To date, Prossy has remained a star among fellow women in Mparo.She has also been central in helping community members appreciate Aquaponics farming.

 

 

“We are supporting rural households - especially women - adopt Aquaponics farming as a means of securing household food and income security. Using Aquaponics we are introducing unique businesses that efficiently use water and space and do not use soil as the main growth medium i.e. it is business unusual”, says Henry Bazira, the Executive Director of Water Governance Institute.

 

For more information visit  Get the Article here

Oil pundits sees Tullow Oil plc.’s new share sale a strategy to exit the country’s oil sector

 

London-Based Tullow Oil plc’s announcement that it is once again scaling down its stake in Uganda’s oil development, shedding off nearly two thirds of its shareholdings to the rival firm, Total E&P for $900million is raising fears that the firm could be slowly exiting the country’s oil sector.

Uganda’s oil resource, discovered in 2006 in the Albertan region, is estimated to contain about 6.5billion barrels and projected to produce around 230, 000 barrels per day.

The country has launched the Front End Engineering Design (FEED) study for the Hoima- Tanga crude pipeline a head of the construction currently estimated to cost about $ 3.5million.

“Uganda’s concession for Tullow is the largest in the region…selling a bigger part of it is a sign that it is exiting,” Don Bwesigye Binyina, an oil expert and executive director at the Africa Centre for Energy and Mineral Policy (ACEMP), told The Independent in an interview.

Binyina said that the new sale also confirms the notion that smaller companies in the oil sector are struggling and it is only the big boys that can handle the expensive sector.

This is the second time that Tullow is selling off its stakes in Uganda. In 2012, the company sold 66.6% stake in the country’s oil sector for equal share to the two then new players- Total and CNOOC at a whopping $2.9billion.

But Aidan Heavey, the chief executive officer for Tullow downplayed the claim.

“I am particularly pleased that Tullow’s long-term commitment to and presence in Uganda is guaranteed by this transaction and that we will remain an active investor in Uganda’s oil and gas sector,” Heavey said.

The new sale means that Tullow now retains 11.76% interest in the upstream and pipeline, which would reduce to 10% when the Ugandan government formally exercises its right to back-in.

The sale interests affect exploration Areas 1, 1A, 2 and 3A. However, this is subject to approval from the government.

Total payment is structured as; $200 million in cash consisting of $100 million on completion of the transaction, $50 million at both Final Investment Decision and First Oil, and then $700 million in deferred consideration to be used by Tullow to fund the company’s share of the costs of the upstream development project and the associated export pipeline project.

The Group expects a pre-tax write-off as a result of this disposal of approximately $400million to be booked in its 2016 Full Year Results.

Once this transaction has been completed, Tullow will cease to be an operator in Uganda but will retain a presence in-country to manage its non-operated position.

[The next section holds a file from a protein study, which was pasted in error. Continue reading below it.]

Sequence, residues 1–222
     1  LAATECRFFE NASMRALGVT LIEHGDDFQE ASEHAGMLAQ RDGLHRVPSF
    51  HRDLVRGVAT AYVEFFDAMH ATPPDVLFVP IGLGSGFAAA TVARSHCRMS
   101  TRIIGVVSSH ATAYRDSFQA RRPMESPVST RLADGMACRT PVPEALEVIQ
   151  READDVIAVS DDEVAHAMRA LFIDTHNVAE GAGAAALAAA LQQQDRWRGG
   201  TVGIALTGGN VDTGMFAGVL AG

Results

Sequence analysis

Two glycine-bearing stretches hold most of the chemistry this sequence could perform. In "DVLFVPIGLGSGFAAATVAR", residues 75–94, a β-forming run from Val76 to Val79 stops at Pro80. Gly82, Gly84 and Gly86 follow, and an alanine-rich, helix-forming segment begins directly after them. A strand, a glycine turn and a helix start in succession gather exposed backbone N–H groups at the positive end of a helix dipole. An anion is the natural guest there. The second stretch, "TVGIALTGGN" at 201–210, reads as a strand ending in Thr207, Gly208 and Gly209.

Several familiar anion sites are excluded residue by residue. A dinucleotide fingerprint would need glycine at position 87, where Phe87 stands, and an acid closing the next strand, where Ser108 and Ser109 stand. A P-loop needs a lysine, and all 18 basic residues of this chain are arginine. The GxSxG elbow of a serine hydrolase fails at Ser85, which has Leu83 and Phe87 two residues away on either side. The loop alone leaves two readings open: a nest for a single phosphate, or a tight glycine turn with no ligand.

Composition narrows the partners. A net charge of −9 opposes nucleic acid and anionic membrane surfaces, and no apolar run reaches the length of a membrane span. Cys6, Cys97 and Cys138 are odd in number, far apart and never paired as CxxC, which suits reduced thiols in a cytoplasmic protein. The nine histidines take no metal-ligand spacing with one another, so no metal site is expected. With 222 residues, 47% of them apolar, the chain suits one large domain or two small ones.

Heavey hints on future

Heavey said the transaction will allow the Lake Albert Development to move ahead swiftly, increasing the likelihood of FID in 2017 and first oil by the end of 2020.

He added that the deal will secure future cash flow for the Group from one of the industry’s few truly low cost development projects without any additional cash requirements expected.

“We will work closely with the Government of Uganda, its associated agencies and with Total and CNOOC to move this transaction forward as smoothly as possible over the coming months,” he said.

The Uganda Revenue Authority— which was at the centre of a similar transaction between Tullow and Heritage a few years back, however, said the two companies (Tullow and Total) are in preliminary processes of effecting the transaction but will involve at a later stage for the purposes of getting the capital gains tax.

“As URA we will be involved at some point,” URA’s Corporate and Public Affairs Manager Sarah Banage said.

It is until 2015 that that Ugandan government won the $400million capital gains tax in a protracted legal battle against Heritage Oil in Kampala and London. This was after Heritage Oil sold its stake in Uganda’s oil sector to Tullow at $1.45bn.

****

source: independent.co.ug

Diana Taremwa, a Program Officer responsible for the Extractive Sector at Water Governance Institute is featured in an article published on Chimpreports and New Vision online news platforms. She expresses that the shs6billion doled out to senior government officials as a token of appreciation for their peripheral role of winning the courts case in London against Heritage Oil and Gas Capital Gains Tax dispute is a wake-up call on Ugandans on the onset of vices characteristic thrift and wasteful spending of resource-revenues as they begin trickling into the treasury; corruption, patronage-buying, elite-capture of the revenues; and politics of regime survival. She warns that Ugandan need to wake-up and ensure that governance is in accordance to the set policies and legislation (rule of law) governing natural resources. Below are her views;


 

Media has recently been awash with stories about how senior government officials who oversaw the tax dispute settlement between government and international oil company Tullow were awarded shs.6 billion as a token of appreciation.